The Wait is Over! New Books Available in Paperback in April
So many great new titles this month if you’ve been “waiting for the paperback edition”. Time to add these to your bookstore shopping list!
CALLI BE GOLD by Michele Weber Hurwitz
Calli is eleven and the youngest and quietest member of a loud family of overachievers where the family motto is “be gold”. How can she compete with a sister on the ice-skating team and a basketball star brother? Then Calli meets Noah, her partner in the Peer Helper Program and they work together on their booth for the Friendship Fair. Will this be Calli’s opportunity to “be gold” in her own special way? Perfect for any reader who wants to find their own way to excel on their own terms.
CALVIN COCONUT: HERO OF HAWAII by Graham Salisbury
If you haven’t met Calvin Coconut you’re in for a treat–in this 5th adventure in the chapter book series 4th grader Calvin is busy thinking about the best birthday gift for his sister and a huge tropical storm is raging. In the midst of the storm his friend Willy falls into the water and Calvin sets out to save him. Get to know Calvin and his family and friends in this action packed adventure for boys and girls ages 7-10.
SPORTS CAMP by Rich Wallace
A perfect choice for kids excited about this Summer’s Olympic Games–with a real life look at kids competing in their own camp olympics. Riley is younger and smaller than most of the kids at Camp Olympia, and he worries that he’ll be dubbed the “weak link” on his bunk team. Will he learn to play to his own strengths? Will his team learn to work as a team? And what’s up with Big Joe the legendary giant vicious snapping turtle? Sports and summer camp combine for an exciting read for 9-13 year olds.
ZERO by Tom Leveen
Amanda Walsh jokingly calls herself Zero. The plan for her last summer before college is for fun with friends, but that all goes sideways when her scholarship money doesn’t come through, her relationship with her BFF goes south and life at home is nothing but tense when her parents seem to be fighting all the time. Is her new relationship with the punk skater boy for real and will she find the support she needs, financially and emotionally to survive the summer? An exciting read for teens 14 and up.
FLIP by Martyn Bedford
Alex is 14, and one day he wakes up in the wrong bed. He also finds that he is in the wrong body, and 6 months have passed. He doesn’t recognize the family and school mates who address his as Flip. What the heck is going on? What happened to his old body, how did he get here, and the biggest question of all is can he get back to who he was? Flip is a terrific thriller that asks and answers big questions about who and what we are, and tells a great story along the way. Good for boy and girl readers age 12 and up.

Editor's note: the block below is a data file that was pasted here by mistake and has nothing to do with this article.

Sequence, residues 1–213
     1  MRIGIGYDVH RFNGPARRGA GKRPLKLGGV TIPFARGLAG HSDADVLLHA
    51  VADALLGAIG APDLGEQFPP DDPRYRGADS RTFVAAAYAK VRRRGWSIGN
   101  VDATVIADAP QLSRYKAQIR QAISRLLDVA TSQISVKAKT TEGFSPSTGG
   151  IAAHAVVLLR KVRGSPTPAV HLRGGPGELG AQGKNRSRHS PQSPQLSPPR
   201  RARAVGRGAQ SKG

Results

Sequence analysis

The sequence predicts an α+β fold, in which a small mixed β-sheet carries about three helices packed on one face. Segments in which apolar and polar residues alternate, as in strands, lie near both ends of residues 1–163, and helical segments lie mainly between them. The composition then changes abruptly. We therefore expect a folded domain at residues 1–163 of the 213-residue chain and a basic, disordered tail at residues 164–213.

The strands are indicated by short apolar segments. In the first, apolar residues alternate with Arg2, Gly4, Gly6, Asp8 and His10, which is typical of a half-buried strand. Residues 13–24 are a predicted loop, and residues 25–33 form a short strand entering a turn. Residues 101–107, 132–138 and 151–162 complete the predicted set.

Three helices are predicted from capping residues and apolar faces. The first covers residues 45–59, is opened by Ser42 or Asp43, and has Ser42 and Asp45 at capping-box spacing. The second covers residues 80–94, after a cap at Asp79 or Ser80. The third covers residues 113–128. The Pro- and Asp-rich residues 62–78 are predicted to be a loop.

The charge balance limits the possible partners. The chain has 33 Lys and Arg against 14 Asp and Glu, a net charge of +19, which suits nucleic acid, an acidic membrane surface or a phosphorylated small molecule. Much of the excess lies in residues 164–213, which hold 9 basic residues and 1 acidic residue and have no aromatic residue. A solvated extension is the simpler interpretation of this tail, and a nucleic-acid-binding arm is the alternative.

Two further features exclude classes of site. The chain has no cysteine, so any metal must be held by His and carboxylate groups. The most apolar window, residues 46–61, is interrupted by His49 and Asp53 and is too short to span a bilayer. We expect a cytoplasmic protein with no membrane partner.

THE MADMAN OF VENICE by Sophie Masson
Set in 17th century Venice, this tale of mystery and romance is fascinating historical fiction filled with intrigue–you never quite know who to trust and you won’t be able to put this book down until all the secrets are revealed. Pirates, murder and true love, a little Merchant of Venice and a little Romeo and Juliet, what a perfect book to get lost in for a few hours. For ages 12 and up.
PLEASE IGNORE VERA DIETZ by A.S. King
This remarkable, Printz Honor winning novel is about Vera who has recently lost her best friend Charlie who she had secretly been in love with, and that’s not her only secret. Charlie betrayed Vera, yet she still needs to hold on to him, to figure out what happened. Vera is also trying to find out what happened to make her parents split up and while she’s doing all this figuring out she’s trying desperately to stay under the radar. Will she ever find the courage to step up and reveal all of the secrets? A great novel to recommend to fans of John Green.
ROTTERS by Daniel Kraus
Rotters begins as the story of 16-year-old Joey and his Mom. Joey gets straight A’s, plays the trumpet and is an all around good kid. Then everything changes. After the death of his mother Joey is sent to Iowa to live with his dad, a man he hasn’t ever met. (So far this sounds like typical YA right? Hold on, this is where it gets weird……….) Joey’s dad, Ken, doesn’t have a typical job or lead a typical life. He disappears for days on end, leaving Joey to take care of himself, and when he returns he seems to have an unnatural obsession with the Obituary section of the newspaper. Ken is a grave robber. Yes indeed, a real life grave robber! (This is where it gets stinky.) The way Daniel Kraus writes you feel like you are with Ken at the grave, you can hear the shovel slice through the dirt and rock, and when Ken jumps into the grave to rob the corpse you can smell the rot. The scenes are so vivid I caught myself holding my breath, maybe because I was trying to keep the stink out of my nose, maybe because they are that well written. (Maybe both.) I don’t usually say things like this, so please take it for exactly what it is. One of the best books of 2011. Seriously. Corpses, rats, Joey and Ken make for a great book. Plus the stink, you cannot forget about the stink. -excerpted from Nic’s review
Thanks for joining us and happy reading!
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